April 6th, 2011
08:00 PM ET
9:22 p.m. – Paul closes out the show with Johnny Cash's "Folsom Prison Blues."
Jimmy tells him he needs to sing it crazy. I'm not sure how crazy he got, but it was rockabilly fine with him on that guitar. I felt like I was for real at a concert.
Wait, did Paul just bring it? I'm going to have to rewind the DVR and peep that again.
December 15th, 2010
03:10 PM ET
The Rock and Roll Hall of Fame is ready to admit a new class: Alice Cooper, Tom Waits, Neil Diamond, Darlene Love and Dr. John have all been inducted for 2011, the foundation announced Wednesday.
With the exception of Waits, this was a first time nomination for all of the inductees. Artists aren’t eligible for induction until 25 years have passed from the release of their first single or LP, but many in this class got their start in the 60s, except for Waits, who arrived on the scene in ’73, according to Rolling Stone.
Some of the younger nominees, like Bon Jovi, the Beastie Boys and LL Cool J – who, along with the Beastie Boys, has been nominated for induction more than once – will just have to hope for next year.
September 28th, 2010
05:19 PM ET
Alice Cooper, the Beastie Boys, Bon Jovi and LL Cool J were some of the big nominees announced this morning for induction into the 2011 Rock and Roll Hall of Fame.
The full list heralds other music stars like Chic, Neil Diamond, Donovan, Dr. John, J.Geils Band, Darlene Love, Laura Nyro, Donna Summer, Joe Tex, Tom Waits and Chuck Willis.
Cooper was thrilled with his nomination and told CNN, "We are honored to be nominated for induction in to the Hall. Anytime you are nominated in your chosen profession, it's definitely a compliment to be recognized."
March 15th, 2010
10:13 AM ET
Clearly making it into the Rock & Roll Hall of Fame has very little to do with popularity.
At tonight's ceremony, ABBA, Jimmy Cliff, Genesis, The Hollies and the Stooges will each receive their well deserved induction. This honor is given out annually to inductees selected by a voting committee from the Rock & Roll Hall of Fame Foundation. Artists are eligible to be inducted 25 years after their first recording is released.
But what's more interesting is the growing list of artists and groups who get passed over each year, despite record sales, reputation in the industry and lobbying from fans around the world. FULL POST
October 30th, 2009
08:36 AM ET
A long night at Madison Square Garden wrapped up close to 1:30 on Friday morning with Bruce Springsteen belting out "Born to Run" with Billy Joel.
The concert started late and the sets were pretty long.
Take Stevie Wonder who was on stage for more than an hour and told the crowd that he was there to “turn this mother out!”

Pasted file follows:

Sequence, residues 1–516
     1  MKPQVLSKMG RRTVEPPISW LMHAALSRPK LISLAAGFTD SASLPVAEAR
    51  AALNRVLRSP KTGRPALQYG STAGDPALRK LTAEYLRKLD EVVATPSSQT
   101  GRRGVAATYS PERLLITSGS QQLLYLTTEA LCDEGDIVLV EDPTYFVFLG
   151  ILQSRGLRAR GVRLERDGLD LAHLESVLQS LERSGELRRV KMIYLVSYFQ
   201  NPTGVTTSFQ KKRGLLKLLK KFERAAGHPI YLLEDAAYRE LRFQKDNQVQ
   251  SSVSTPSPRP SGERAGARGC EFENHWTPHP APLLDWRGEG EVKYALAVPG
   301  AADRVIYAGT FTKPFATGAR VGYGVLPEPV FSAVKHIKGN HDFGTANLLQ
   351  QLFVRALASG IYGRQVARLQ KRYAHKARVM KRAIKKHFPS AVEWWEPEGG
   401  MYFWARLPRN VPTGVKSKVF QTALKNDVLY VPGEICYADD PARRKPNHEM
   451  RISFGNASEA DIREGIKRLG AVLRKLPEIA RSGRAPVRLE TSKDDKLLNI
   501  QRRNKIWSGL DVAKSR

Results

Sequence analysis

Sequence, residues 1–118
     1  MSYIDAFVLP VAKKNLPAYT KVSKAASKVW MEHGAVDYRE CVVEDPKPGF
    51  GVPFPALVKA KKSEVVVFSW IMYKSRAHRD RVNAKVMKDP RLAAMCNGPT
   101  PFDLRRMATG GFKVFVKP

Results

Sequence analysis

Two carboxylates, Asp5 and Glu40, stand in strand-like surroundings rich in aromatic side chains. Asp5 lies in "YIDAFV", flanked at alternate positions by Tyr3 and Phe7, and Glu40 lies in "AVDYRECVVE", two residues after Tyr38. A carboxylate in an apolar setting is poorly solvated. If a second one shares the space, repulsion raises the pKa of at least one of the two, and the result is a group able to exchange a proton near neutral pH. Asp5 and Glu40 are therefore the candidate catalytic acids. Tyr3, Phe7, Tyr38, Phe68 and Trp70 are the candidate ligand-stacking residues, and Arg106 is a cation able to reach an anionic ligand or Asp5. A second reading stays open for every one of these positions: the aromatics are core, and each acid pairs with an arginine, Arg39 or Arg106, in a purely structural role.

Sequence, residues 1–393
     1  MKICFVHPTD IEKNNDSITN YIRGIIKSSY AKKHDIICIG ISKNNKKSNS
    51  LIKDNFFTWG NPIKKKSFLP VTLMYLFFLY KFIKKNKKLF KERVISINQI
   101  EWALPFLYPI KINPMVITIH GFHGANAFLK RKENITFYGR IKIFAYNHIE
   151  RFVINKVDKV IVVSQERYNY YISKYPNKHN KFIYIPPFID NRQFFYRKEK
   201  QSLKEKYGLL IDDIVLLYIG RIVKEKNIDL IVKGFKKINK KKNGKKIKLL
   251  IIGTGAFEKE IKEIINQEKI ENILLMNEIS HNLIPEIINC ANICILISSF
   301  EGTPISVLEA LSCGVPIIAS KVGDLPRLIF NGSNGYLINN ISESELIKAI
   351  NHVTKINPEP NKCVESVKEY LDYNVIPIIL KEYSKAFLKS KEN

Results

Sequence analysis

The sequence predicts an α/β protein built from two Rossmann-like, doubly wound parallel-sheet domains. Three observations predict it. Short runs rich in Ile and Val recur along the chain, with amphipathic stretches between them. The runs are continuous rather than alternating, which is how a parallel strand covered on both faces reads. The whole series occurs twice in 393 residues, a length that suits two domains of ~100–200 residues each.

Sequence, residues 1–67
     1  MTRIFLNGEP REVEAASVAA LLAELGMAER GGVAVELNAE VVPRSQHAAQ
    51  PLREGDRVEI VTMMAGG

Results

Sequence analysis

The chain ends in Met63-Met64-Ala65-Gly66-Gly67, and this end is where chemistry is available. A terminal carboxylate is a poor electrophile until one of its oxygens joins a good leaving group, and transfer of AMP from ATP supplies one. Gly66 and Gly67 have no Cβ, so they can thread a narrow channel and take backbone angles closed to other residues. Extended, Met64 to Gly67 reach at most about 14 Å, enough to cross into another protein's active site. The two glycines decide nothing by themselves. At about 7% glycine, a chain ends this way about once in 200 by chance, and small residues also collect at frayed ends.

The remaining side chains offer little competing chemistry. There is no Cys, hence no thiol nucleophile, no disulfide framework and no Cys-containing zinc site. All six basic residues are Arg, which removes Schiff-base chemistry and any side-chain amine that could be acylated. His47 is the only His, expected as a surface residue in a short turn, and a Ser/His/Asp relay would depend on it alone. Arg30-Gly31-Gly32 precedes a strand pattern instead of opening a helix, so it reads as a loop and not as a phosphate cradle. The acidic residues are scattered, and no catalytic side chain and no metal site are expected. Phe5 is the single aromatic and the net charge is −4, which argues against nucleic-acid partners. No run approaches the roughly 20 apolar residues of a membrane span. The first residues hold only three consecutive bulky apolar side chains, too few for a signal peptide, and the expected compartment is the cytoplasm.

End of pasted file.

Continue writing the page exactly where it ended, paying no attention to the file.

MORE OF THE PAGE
There were some moments that definitely stood out for me at the end of the night.
This is not a young crowd, and I’m sure at least some of them had to be at work in the morning, but it looked like they kept the place pretty full through Bruce’s set.
They were flying when Bruce brought out Sam Moore to sing “Hold On I'm Coming.” You may not recognize Moore’s name (he's from the duo Sam & Dave) but you’ve heard his voice, which Bruce called “one of the best voices of all time.”
The crowd got louder when the Boss was joined by John Fogerty for “Fortunate Son” and “Proud Mary.”
But the favorite moment for the New York audience came when Bruce discussed his theory of continental drift and how that separated Long Island and New Jersey.
To reunite the two, he held a “Bridge and Tunnel Summit,” with Long Island’s own Billy Joel. The term comes from how people, who live in New York City, disdainfully refer to their suburban neighbors. Everyone loved the pair singing Joel’s hit “New York State of Mind.”
As the concert wrapped up, even the celebrities discovered that it can be tough to get out of the Garden. As I walked out I saw Shania Twain trying to get past some determined autograph seekers and into her car.
The concert will air on HBO November 29th, after it’s edited down and combined with another show starring Metallica and U2 scheduled for Friday night.
One of the persistent topics backstage was what bands will eventually wind up in the Rock Hall of Fame. So I’ll put it out to you, what acts do you think should be enshrined in the Cleveland museum?
October 30th, 2009
12:40 AM ET
Producer Doug Ganley blogging from backstage at Madison Square Garden where the Rock and Roll Hall of Fame concert took place Thursday night.
The first highlight of the night came when Paul Simon and Art Garfunkel took the stage arm in arm. The audience loved renditions of "Sounds of Silence," "Mrs. Robinson" and "Bridge over Troubled Water." They walked off to a standing ovation from the crowd and gave one last encore with "Cecelia."
Crosby, Stills and Nash followed with a good set and some assistance from Bonnie Raitt, Jackson Browne, and James Taylor. David Crosby told us backstage that they are able to keep their songs fresh because, "We don't remember how we did it last time."
The crowd is into it, but definitely skews a little older. With all of the grey hair out there, I bet this is one of the only nights at Madison Square Garden where the beer vendors haven't asked anyone to show an I.D.
Bonnie Raitt told us that she was having a ball. "The hallways are happening" she said, "I wish this could last a month."
Stevie Wonder just took the stage, and after battling technical problems started off with a cover of "Blowing in the Wind." Covers seem to be a theme tonight because Crosby Stills and Nash say they're going into the studio tomorrow to do an album of covers.
Which brings to mind the question what's your favorite cover?
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